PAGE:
Monday, May 12, 2014

A Mother's Day Promotion in China with WeChat and QR Codes

Unlike a Mother's Day several years ago in Zigong, Sichuan province, I didn't see any fashion shows yesterday in Hengyang, Hunan province. However, I saw some signs of Mother's Day at a few shopping centers and stores. One especially caught my eye because of its use of technology and flowers.

Outside of a shopping center with small clothing stores primarily targeting younger women, there was a Mother's Day promotion. In return for a flower and other possible gifts to give one's mother, people were asked to do two things.

One, people captured an image of a QR code through the mobile phone app for WeChat--called "Weixin" in China.

After the code was read, people found that they were now following the shopping center's WeChat account.

Two, people were also asked to write their name and phone number on a pad of paper.

During the time I was around, there was a constant stream of people going taking the two steps for receiving a free gift (sometimes receiving it in the middle if they signed their names first)--a possible sign of many things, including the popularity of smartphones and WeChat in China. It's definitely not the first instance of using QR codes and WeChat as part of a marketing campaign in China though. The use of a pad of paper instead something more high-tech for collecting names and numbers also raises some interesting issues.

Finally, although I didn't follow their WeChat account or provided my name and number, one of the people working for the promotion gave me a flower and a mousepad.

Since my mother is nowhere near Hengyang, I was not able to give her the gifts as intended. Instead, I passed them on to people I later met. Perhaps they made their way to other mothers.

Friday, May 9, 2014

An Easy-to-Identify Knockoff Chanel Shirt in China

Knockoffs of well-known international clothing brands are a far more common sight in China than imitations of well-known international hotel brands. Just how common is not simple to pin down though. Depending on the degree and quality of the imitation, it can be challenging to identify knockoffs based purely on their appearance, especially if one is not familiar with the brands. For example, today in Hengyang, Hunan province, I saw someone wearing what appeared to be a Chanel shirt.

young woman in China wearing a possible knockoff Chanel shirt

After a quick check of Chanel's website, I now see that the shape of the two interlocked letters in the logo seems less circular than the interlocked letters in Chanel's standard logo, but I am still not sure whether the shirt is a knockoff or not. I would not be surprised if Chanel could provide a very quick answer.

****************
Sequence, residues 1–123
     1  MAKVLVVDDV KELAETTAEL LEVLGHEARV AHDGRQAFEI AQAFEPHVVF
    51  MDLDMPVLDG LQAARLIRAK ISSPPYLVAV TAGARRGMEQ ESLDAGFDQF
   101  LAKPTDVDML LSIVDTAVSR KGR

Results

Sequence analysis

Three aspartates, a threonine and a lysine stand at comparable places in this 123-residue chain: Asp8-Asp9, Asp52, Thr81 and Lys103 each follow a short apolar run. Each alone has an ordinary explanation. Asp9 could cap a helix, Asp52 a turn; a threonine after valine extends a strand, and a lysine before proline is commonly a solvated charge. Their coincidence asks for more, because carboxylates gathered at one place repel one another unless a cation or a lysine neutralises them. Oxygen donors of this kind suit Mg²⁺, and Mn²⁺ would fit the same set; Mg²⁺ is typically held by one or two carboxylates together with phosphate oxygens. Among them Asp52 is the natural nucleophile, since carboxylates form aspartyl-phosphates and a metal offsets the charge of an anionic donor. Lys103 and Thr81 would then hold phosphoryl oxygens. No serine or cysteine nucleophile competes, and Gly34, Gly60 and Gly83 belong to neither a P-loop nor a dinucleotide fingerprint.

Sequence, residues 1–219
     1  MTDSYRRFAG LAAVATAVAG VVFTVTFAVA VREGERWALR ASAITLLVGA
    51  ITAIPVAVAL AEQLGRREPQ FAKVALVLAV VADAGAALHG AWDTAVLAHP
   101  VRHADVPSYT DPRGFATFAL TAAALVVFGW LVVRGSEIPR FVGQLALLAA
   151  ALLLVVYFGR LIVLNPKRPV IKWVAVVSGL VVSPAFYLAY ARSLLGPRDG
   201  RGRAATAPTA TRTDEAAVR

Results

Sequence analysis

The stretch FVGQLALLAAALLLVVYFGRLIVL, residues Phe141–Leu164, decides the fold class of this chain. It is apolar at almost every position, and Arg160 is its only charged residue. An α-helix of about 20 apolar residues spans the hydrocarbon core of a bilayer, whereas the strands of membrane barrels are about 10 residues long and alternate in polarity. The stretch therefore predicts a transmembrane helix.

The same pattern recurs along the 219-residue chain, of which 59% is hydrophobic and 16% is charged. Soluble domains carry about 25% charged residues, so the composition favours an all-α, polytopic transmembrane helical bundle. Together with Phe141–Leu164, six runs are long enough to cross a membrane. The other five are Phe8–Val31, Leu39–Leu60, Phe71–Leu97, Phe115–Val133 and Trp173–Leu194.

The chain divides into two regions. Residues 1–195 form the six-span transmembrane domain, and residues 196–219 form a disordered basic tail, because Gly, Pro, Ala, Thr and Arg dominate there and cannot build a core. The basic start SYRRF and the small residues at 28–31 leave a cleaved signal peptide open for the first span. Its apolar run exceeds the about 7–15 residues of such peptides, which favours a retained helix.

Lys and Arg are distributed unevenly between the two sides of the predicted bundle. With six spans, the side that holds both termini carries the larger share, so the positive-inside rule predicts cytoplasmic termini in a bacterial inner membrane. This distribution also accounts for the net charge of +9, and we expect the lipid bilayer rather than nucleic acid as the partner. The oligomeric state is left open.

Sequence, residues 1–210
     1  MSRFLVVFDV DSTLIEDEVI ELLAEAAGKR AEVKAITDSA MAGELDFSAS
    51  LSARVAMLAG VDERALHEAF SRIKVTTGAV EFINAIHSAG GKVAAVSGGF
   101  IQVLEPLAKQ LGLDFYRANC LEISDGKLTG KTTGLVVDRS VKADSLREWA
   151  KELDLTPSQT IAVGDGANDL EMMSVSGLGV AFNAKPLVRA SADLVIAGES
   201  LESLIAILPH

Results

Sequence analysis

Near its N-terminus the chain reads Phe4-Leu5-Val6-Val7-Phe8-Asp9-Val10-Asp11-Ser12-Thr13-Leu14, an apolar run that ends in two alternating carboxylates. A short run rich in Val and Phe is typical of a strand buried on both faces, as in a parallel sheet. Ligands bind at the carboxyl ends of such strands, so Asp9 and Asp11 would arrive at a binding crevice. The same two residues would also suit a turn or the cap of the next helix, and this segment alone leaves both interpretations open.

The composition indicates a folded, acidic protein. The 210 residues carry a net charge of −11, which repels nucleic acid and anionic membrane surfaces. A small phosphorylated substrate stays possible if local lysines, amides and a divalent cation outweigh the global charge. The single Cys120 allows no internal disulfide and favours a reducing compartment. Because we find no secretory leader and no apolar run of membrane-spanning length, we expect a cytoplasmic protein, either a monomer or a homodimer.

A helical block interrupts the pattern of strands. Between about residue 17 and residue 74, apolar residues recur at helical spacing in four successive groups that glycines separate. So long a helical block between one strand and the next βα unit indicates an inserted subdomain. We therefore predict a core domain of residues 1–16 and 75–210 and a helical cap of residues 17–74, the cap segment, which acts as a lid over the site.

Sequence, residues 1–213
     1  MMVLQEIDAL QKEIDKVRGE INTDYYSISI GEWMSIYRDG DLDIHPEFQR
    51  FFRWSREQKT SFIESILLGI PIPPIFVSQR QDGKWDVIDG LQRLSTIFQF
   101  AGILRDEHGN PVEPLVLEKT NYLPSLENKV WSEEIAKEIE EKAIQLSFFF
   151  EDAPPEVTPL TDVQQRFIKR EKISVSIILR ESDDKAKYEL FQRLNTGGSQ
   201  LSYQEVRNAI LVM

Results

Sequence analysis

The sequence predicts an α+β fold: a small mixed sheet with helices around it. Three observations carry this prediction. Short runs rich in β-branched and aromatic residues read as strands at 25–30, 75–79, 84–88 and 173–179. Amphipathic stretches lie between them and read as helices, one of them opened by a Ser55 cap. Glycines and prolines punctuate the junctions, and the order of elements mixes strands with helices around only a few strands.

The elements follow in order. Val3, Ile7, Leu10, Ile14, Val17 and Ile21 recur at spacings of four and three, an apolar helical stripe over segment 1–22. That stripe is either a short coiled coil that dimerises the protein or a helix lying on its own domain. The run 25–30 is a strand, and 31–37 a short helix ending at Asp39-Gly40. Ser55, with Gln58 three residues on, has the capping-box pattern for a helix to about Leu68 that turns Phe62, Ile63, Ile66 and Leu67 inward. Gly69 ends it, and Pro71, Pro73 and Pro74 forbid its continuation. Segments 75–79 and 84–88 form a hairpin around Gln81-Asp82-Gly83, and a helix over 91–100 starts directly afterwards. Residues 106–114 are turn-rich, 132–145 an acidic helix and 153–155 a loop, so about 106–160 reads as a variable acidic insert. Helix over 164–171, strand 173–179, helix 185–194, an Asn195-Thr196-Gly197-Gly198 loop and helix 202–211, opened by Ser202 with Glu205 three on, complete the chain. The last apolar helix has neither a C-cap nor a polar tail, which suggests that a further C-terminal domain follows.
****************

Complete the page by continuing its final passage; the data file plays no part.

In contrast, there are other shirts I feel confident labeling as knockoffs even without checking a website or consulting a fashion expert. For example, also today in Hengyang, I saw someone wearing a shirt with what is clearly only an imitation of Chanel's brand.

woman in China wearing a shirt with an imitation of Chanel's logo and the word 'FAKE'

As everyone knows, the interlocked letters in Chanel's logo don't have rounded ends. Sometimes it is so easy.

Thursday, May 8, 2014

Taking the Dog for a Run in Hengyang

Seen on a bridge over the Xiang River in Hengyang:

dog running while it is attached by a leash to a moving motorbike in Hengyang, Hunan, China.

Some points perhaps worth making:

1. This is not at all a common sight for me.
2. The dog was running at a decent speed for its size and, as seen in the photo, leading the way. Sorry, no video.
3. The dog was not pulling the motorbike.

Monday, May 5, 2014

Brand Names Can Set Expectations Even for Known Imitators in China

In an article in The New York Times about the imitation of well-known international brand names in China's hotel industry (HT Helen Gao), Julie Weed shared a viewpoint from one international hotel:
“We do take steps to protect our brand, " said Sian Griffiths, director of communications for the Hong Kong Peninsula Hotel. “However, we also feel that our target customers are sufficiently discerning not to confuse the Peninsula-branded hotels with the copycats.”
But an example Weed shares shows why The Peninsula Hotels may still have reason for concern:
Li Quan, a pharmaceutical sales representative traveling on business this week in Shanghai, said he knew the Hengsheng Peninsula International Hotel was not part of the international Peninsula chain, but believed it would be an “upscale hotel because of the obvious name resemblance.”

He was disappointed to find “so-so facilities and worse-than-average service,” and said that some domestic hotels tried “to boost their value and brand awareness by sharing names with other reputable hotel chains so they can achieve a make-believe attachment to those hotels.”
Using similar logic as Li, people may also buy mobile phones, such as the iPncne I saw in Yinchuan, even if they are recognized as imitating a well-known international brand. Several years ago in a post about how local rates, fashion, and fakes are relevant to mobile phones in China I shared a relevant example from Shuolong, Guangxi: